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Definition of entropy of complex systems is existed?

  1. Nov 8, 2012 #1


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    Common extensive quatities such as mass, charge, volume can be defined for general systems. I can imagine that we can measure and define them without any problem in case of any kind of complex system as well. However, I do not know the general definition of the entropy, only the thermodynamic definition is known for me. Are there any generalization, because lots of books deal with entropy of the Universe and any kind of complex biological systems as well.
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  3. Nov 9, 2012 #2
    This is out of my current field, but I read some papers on entropy in complex systems back in grad school. I recall that Stewart Kauffman was a key researcher in that field. I see in PubMed that he's still working in complex system thermodynamics -- you might look at his stuff. PubMed search "Kauffman SA".
  4. Nov 9, 2012 #3


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  5. Nov 9, 2012 #4
    Complexity has little to do with entropy. Entropy has to do with the probability of being in a particular state. Entropy and complexity are not strongly correlated.
    There is no formal definition of complexity that is widely accepted among scientists. There is no formula that determines complexity from the probability. Therefore, there is no way to correlated complexity with probability, either.
    There are formal definitions of probability that are accepted among mathematicians. Furthermore, there are relationships between probability and thermodynamics widely accepted among physicists. Therefore, there is some formal connection between probability and thermodynamics. Probability and thermodynamics are commonly used by chemists. However, there is no proven method to link complexity with entropy.
    There is an intuition that "complex systems" are "less probable". However, there is no quantitative way to use this relationship. There is no scientific way to prove that such a relationship exists, even though it is a rule of thumb.
    Physicists and chemists frequently use thermodynamics and probability theory to analyze biological systems. So far as can be determined scientifically, biological systems satisfy the same physical laws as nonbiological systems. No scientists has ever been able to show that biological systems violate any law of thermodynamics. No one has been able to show that intelligent intervention violates thermodynamics. So far as can be determined by quantitative calculations, biological functions including intelligent action are constrained by the laws of thermodynamics.
    So far as has been determined, living things can't decrease the total entropy in an isolated system. The chemical processes of living things always increase the entropy of the system. Reproduction, growth and evolution all appear consistent with all the laws of thermodynamics.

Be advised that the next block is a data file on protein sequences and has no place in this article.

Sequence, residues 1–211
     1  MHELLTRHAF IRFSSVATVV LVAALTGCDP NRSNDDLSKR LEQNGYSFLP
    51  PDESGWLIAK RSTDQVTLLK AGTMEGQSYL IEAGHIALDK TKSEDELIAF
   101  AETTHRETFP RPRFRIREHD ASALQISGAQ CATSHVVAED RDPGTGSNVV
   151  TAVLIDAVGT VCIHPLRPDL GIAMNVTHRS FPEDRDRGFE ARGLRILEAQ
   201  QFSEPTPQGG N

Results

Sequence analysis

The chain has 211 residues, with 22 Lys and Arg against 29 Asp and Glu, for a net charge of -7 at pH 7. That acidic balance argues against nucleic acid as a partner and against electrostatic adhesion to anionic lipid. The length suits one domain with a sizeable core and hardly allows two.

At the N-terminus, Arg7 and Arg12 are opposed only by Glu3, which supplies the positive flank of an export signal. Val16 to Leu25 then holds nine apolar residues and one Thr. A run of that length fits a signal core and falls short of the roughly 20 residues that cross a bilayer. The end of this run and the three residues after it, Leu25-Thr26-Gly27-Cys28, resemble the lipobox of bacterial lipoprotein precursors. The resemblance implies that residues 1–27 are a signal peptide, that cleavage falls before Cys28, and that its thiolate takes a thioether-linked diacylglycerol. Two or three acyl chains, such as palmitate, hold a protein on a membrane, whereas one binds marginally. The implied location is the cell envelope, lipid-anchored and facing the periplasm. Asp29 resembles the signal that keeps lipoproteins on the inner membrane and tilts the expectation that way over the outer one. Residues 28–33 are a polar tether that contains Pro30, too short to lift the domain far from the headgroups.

Entropy can and frequently is measured by calorimetric means. Furthermore, probabilities can be determined of many biochemical reactions using computer simulations. For all biochemical reactions capable of being analyzed, the total entropy increases in the system. Entropy can be moved and entropy can be concentrated in small areas. However, the total entropy can not be destroyed.
    This seems counter-intuitive when one only pictures the macroscopic scales of systems. However, entropy, includes both macroscopic scale and microscopic scale. The entropy associated with microscopic scales is much larger than the entropy associated with macroscopic scales. Complexity is related to macroscopic scales.
    In order to relate complexity to entropy, one has to make the approximation that the microscopic and atomic structures have no contribution to entropy. This approximation is generally not true.
  6. Nov 9, 2012 #5
    Please note that the word "complexity" is not found anywhere in this link. Furthermore, there is no evidence provided that the systems analyzed by Kolmogorov have anything to do with biological systems. Therefore, the concepts in this link don't really relate to what the OP is asking.
  7. Nov 9, 2012 #6


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    Actually, there's lots of evidence the systems analyzed with Kolmogorov entropy have anything to do with both complexity and biological systems, given that Kolmogorov entropy is applied to dynamical systems and there are numerous applications of dynamical systems to both complexity and biological systems. It's a generic measure of a dynamical system.

    Kolmogorov himself was quite interested in mathematical biology and information theory, both of which apply to biological systems:
  8. Nov 9, 2012 #7


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    Specific papers using Kolmogorov entropy in biology/medicine:


    A lot of analysis for dynamical systems applies to physiological signals. Even a computation of the fractal dimension of a heart signal can predict failure:

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